Monday, July 14, 2014

Graves Marked in Missouri

Efforts to mark Civil War graves bring mixed results, mixed feelings

Capitol Monuments Inc. workers, from left, Bryan Moore, Jerrod Atteberry and Nathan Conner finish installation of a monument Friday near Calwood township in Callaway County. The monument is intended to honor the men who died on both sides of the Battle of Moore’s Mill on July 28, 1862. A formal ceremony to dedicate the monument will be held at 1 p.m. July 27.
CALWOOD — On a hot late-July day in 1862, the victors at the Battle of Moore’s Mill had a grisly task ahead: bury the dead from a ferocious, four-hour fight. They chose a low spot near a creek, where the ground was soft and sandy, and laid eight Union soldiers from four states alongside two of their Missouri rebel foes.
On Friday, a 2,000-pound Georgia granite monument to those men and 14 others — eight Union and six Confederates — was set in place at the gravesite, located last year with ground-penetrating radar. A formal ceremony at 1 p.m. July 27, with a cannon salute and re-enactors representing both sides, will dedicate the marker on the property of Gus Guthrie, just west of Calwood on Route Z.
“It is exactly what I hoped it would be,” said Noel Crowson, commander of Elijah Gates Camp 570 of the Sons of Confederate Veterans, which sponsored both the search for the mass grave and the monument. The ceremony will complete a 20-year project that has included placing interpretive panels at the main battle site.
The monument has the names of 24 men, the known dead from the July 27, 1862, battle. The Union soldiers in the grave are believed to be four men from Ohio and one from Michigan of the 2nd Missouri Cavalry, one from the 3rd Indiana Light Artillery and Pvt. Lewis Snowden of Columbia from the 9th Missouri State Militia Cavalry.
The Confederates are Pvt. Henry Pigg of the Blackfoot Rangers of Boone County and Pvt. James Fowler of Monroe County from the 1st Northeast Missouri Cavalry.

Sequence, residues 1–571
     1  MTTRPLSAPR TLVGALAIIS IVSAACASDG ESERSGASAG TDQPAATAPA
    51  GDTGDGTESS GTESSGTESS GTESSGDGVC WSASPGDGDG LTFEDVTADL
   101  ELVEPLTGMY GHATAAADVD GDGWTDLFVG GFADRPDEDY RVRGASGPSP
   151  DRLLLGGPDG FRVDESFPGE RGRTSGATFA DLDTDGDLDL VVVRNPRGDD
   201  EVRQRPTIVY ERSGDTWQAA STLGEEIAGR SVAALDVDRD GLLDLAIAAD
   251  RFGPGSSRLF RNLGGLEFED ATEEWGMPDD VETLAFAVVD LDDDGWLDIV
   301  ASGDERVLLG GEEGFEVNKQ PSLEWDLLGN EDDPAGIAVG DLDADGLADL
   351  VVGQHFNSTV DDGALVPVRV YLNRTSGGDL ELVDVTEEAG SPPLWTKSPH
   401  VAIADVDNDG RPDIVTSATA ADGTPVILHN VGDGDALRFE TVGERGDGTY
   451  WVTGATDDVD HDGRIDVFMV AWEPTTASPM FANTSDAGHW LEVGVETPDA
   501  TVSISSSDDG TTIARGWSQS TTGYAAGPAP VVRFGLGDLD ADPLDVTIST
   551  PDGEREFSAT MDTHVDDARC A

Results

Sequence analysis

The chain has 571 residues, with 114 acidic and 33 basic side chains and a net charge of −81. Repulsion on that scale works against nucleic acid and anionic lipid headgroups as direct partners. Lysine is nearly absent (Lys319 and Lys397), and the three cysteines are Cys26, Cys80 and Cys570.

The monument cost $5,000, a daunting fundraising task for the small Southern heritage group. Remembering the men who fought, finding their graves and making sure they are marked is one of the major projects of similar groups representing both sides of the Civil War. The results of those efforts can be satisfying, frustrating and controversial.
Friday was one of the satisfying days. A Columbia effort to mark a Union soldier’s grave has experienced the frustration and the stone recently placed for one of William Quantrill’s guerrillas offers the controversy.
The Tiger Camp 432 of the Sons of Union Veterans has twice been turned down by the Department of Veterans Affairs for a stone for the grave of Sgt. Wallace Lilly in Columbia Cemetery.
Lilly, a slave, enlisted April 13, 1864. He lived until 1926 with his wife at a place called Cemetery Hill, now occupied by Lucky’s Market. Under the department’s rules, only the next of kin can request a marker. As far as can be determined, Tiger Camp member Larry Dietzel said, Lilly and his wife, Mary, had no children.
Lilly led Grand Army of the Republic Post 432, a Union veterans organization. As members died, Lilly made sure that markers were placed.
“We are doing this to bring attention to that one veteran who has no marker,” Dietzel said. “When he passed, nobody stepped up and made sure it was marked with a tombstone.”
A replica of the standard marker will cost $400 after a donation by Missouri River Monument Co., Dietzel said. The camp is raising money to cover the expense.
The black granite marker erected for William R. Stewart, who died in 1924, will be dedicated at 1:30 p.m. on Aug. 23, said Mark Stuart, commander of James J. Searcy Camp 1923 of the Sons of Confederate Veterans.
Stewart joined Quantrill in 1863. He was 18 and being raised by his grandfather, John M. Robinson.
Stewart participated in the Aug. 21, 1863, attack on Lawrence, Kan., that left nearly 200 men and boys dead and the town a smoldering ruin. He was a member of William “Bloody Bill” Anderson’s band in 1864 and was slightly wounded attacking Fayette. Three days later, Anderson’s band was at Centralia, where 22 unarmed soldiers were shot and a command of 125 that sought to attack the guerrillas was annihilated.
“We are going to keep it as low-key as we can,” Stuart said. “We are going to be there to honor the man’s service, not to draw attention.”
As Quantrill did with Southern leaders during the war, the decision to honor one of his men has created misgivings for Bill Berry, a member of the Searcy camp. “I have rather mixed feelings about it,” Berry said. “We have good, solid, Confederate soldiers in Boone County.”